Plans for the US Army to shrink to 440-450,000 soldiers which would be the smaller than 1999 at 479,000 and smallest since 1940

The Pentagon said on Monday it would shrink the U.S. Army to pre-World War Two levels, eliminate the popular A-10 aircraft and reduce military benefits in order to meet 2015 spending caps. The military has been ordered to be prepared to decisively win one conflict while holding off an adversary’s aspirations in a second until sufficient forces could be mobilized and redeployed to win there.

Defense Secretary Chuck Hagel, previewing the Pentagon’s ideas on how to adapt to government belt-tightening, said the defense budget due out next week would be the first to look beyond 13 years of conflict, shifting away from long-term ground wars like Iraq and Afghanistan.

The cuts come as the Pentagon is attempting to absorb nearly a trillion dollars in reductions to projected spending over a decade. A two-year bipartisan budget deal in December eased some of the pressure on the department, but still cut its planned spending by $31 billion in 2014 and another $45 billion in 2015.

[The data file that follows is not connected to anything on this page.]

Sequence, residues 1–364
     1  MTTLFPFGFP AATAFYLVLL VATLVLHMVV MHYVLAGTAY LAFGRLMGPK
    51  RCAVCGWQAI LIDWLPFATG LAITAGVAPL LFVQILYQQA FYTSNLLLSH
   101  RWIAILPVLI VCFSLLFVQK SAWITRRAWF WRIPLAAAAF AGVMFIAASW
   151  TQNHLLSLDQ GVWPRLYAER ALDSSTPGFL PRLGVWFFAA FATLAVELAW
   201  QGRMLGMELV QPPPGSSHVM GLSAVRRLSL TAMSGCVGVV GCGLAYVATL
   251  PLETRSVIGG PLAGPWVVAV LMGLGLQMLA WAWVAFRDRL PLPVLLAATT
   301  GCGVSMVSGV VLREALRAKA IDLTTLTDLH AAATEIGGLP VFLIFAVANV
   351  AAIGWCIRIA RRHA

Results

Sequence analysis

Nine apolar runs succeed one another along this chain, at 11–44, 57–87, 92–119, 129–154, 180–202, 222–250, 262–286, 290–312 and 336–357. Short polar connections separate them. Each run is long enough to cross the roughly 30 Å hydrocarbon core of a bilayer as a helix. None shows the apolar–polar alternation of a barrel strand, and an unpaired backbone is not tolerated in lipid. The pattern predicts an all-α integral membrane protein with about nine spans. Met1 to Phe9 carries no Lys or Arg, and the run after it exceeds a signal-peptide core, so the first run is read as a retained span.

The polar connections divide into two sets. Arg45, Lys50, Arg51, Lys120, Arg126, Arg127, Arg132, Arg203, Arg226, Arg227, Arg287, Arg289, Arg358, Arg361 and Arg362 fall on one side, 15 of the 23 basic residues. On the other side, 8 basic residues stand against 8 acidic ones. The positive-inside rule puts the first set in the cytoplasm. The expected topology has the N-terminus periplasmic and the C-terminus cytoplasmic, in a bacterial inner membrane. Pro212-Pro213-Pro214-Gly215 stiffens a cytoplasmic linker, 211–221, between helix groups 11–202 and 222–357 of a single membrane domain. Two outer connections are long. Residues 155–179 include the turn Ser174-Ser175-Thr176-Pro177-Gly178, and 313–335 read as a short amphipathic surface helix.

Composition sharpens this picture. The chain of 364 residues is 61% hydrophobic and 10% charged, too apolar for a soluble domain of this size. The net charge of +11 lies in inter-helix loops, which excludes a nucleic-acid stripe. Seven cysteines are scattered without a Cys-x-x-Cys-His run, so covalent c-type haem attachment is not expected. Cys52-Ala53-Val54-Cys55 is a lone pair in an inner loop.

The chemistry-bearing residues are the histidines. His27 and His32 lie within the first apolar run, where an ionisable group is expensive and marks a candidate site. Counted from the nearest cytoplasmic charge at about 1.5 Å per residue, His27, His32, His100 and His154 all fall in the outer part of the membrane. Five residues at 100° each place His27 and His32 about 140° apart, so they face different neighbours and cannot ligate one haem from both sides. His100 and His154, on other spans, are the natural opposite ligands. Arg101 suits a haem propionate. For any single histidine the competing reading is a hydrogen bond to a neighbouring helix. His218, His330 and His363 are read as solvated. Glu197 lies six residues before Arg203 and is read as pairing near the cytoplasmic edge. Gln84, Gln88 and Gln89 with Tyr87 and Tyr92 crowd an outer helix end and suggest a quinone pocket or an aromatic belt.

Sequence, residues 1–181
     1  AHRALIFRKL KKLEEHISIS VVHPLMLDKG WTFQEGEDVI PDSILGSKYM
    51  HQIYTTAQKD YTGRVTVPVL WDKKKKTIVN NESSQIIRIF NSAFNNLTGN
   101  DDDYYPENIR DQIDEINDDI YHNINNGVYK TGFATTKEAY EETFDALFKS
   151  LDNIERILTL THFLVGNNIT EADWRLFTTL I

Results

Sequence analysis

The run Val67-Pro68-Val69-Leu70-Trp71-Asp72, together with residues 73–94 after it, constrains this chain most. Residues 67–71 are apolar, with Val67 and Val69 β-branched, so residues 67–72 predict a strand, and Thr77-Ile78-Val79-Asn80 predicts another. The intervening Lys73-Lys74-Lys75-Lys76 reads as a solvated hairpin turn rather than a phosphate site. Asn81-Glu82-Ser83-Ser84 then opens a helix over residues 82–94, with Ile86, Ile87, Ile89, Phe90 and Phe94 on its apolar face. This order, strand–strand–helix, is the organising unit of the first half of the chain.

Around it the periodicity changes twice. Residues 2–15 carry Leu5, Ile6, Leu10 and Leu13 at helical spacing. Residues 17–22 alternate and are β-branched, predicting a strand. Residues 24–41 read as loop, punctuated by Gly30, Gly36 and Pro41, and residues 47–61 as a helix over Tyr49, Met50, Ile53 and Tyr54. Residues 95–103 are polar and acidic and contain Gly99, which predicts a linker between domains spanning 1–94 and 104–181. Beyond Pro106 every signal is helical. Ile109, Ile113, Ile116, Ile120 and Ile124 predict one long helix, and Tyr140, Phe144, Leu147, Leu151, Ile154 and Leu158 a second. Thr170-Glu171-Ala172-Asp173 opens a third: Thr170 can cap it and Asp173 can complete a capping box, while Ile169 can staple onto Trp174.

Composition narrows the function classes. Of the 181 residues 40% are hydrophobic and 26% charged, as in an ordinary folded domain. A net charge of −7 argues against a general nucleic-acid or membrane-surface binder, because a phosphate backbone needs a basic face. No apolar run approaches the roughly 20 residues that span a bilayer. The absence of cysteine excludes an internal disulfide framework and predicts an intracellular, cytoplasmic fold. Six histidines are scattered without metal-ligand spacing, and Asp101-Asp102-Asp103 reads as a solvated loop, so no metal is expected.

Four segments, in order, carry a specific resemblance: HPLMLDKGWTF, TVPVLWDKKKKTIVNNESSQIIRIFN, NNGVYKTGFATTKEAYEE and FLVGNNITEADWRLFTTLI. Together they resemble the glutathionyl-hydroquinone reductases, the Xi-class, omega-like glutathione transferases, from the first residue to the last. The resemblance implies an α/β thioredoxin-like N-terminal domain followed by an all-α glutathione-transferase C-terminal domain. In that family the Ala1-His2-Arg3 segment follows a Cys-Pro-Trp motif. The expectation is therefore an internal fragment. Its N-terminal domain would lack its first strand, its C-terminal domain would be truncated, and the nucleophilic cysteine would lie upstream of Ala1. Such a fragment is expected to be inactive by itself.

The Pentagon’s budget for the 2015 fiscal year beginning in October is an estimated $496 billion, about the same amount as the current fiscal year. Beginning in 2016, the department’s budget is slated to assume even larger spending cuts, an event Hagel said could jeopardize national security.

Hagel said the Pentagon plans to reduce the size of the Army to between 440,000 and 450,000 soldiers. The Army is currently about 520,000 soldiers and had been planning to draw down to about 490,000 in the coming year.

A reduction to 450,000 would be the Army’s smallest size since 1940, before the United States entered World War Two, when it counted a troop strength of 267,767, according to Army figures. The Army’s previous post-World War Two low was 479,426 in 1999.

The Pentagon would eliminate the Air Force fleet of A-10 “Warthog” close air support planes, which are much beloved by ground troops, in order to ensure continued funding of the new long-range bomber, the Lockheed Martin F-35 Joint Strike Fighter and a new aerial refueling tanker.

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